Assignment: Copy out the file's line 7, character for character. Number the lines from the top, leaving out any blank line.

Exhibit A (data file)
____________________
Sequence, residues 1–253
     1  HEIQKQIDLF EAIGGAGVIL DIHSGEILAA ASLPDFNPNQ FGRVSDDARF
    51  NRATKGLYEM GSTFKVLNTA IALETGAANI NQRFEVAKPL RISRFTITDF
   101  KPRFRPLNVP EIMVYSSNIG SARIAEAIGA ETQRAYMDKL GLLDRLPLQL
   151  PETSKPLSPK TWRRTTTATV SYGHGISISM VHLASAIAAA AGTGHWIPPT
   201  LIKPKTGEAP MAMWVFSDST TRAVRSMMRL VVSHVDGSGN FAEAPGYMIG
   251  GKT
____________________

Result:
   251  GKT